threats to its safe operation. The actions outlined in this chapter are those most appropriate at this time. The framework and methodology to address vulnerabilities presented in the earlier chapters offer an ongoing means by which new actions can be identified and taken over time.

MAJOR FINDINGS

Toxic, flammable, and explosive materials present the greatest risk of catastrophic incident. In the absence of specific threat information, it will be most appropriate to invest in mitigation and preparedness for general classes of vulnerabilities.


Absent any specific intelligence information, among chemicals having toxic, explosive, or flammable properties, analysis indicated little benefit in differentiating one specific chemical from another for the purposes of determining research and development needs for securing the chemical infrastructure. Using the example of highly toxic chemicals, consequences of a release depend on so many event-specific variables that it is possible that a release of one toxic material could actually lead to more casualties than a similar-sized release of another more toxic material under different circumstances. Furthermore, measures can be taken to mitigate the potential for and consequences of any large volume toxic release. During the analysis of the chemical categories listed in Chapter 3, it was determined that by focusing on general classes of vulnerabilities (i.e., chemical properties) within chemical categories, instead of on specific chemicals, more appropriate guidance for science and technology investments could be given.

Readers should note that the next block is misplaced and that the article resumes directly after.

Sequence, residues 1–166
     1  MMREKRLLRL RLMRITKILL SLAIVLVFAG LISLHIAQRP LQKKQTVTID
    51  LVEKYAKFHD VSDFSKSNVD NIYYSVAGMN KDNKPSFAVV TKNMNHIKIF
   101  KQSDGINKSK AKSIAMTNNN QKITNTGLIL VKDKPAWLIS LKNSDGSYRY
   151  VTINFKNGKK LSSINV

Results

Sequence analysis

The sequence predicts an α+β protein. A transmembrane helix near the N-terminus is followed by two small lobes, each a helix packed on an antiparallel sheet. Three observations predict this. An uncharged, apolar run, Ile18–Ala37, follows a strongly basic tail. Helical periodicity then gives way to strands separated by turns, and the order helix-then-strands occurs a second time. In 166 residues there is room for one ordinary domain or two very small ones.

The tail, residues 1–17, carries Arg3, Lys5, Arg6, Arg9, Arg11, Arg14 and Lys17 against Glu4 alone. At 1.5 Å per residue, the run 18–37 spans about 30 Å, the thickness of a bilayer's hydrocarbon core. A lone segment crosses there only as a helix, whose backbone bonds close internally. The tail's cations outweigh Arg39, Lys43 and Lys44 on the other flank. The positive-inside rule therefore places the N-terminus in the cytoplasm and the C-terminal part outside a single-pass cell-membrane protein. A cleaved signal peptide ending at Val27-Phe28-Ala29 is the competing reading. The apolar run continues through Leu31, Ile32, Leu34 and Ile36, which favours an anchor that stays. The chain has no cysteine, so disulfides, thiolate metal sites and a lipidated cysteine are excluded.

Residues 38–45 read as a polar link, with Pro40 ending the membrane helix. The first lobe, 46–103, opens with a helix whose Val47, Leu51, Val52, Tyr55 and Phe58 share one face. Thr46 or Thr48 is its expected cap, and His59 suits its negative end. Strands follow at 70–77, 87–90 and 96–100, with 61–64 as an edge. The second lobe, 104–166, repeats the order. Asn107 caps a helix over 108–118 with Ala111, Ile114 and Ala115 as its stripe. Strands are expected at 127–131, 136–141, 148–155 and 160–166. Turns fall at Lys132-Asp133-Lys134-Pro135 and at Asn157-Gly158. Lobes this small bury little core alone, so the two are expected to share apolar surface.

By analogy with past accidents involving the chemical industry, it is possible that a single terrorist incident involving the chemical infrastructure could result in catastrophic loss of life or injuries.


This report adopts the definition of catastrophic incident outlined in the Department of Homeland Security’s National Response Plan—one that “results in large numbers of casualties and/or displaced persons, possibly in the tens of thousands.” In part due to lack of access to the results of off-site consequence models, this report discusses scenarios based on historical chemical incidents that serve as existence proofs (but not necessarily upper bounds) for the possible consequences. Using this approach it is easy to determine that a single chemical event could cause catastrophic casualties. For example, approximately 4,000 people died in the immediate aftermath



The National Academies | 500 Fifth St. N.W. | Washington, D.C. 20001
Copyright © National Academy of Sciences. All rights reserved.
Terms of Use and Privacy Statement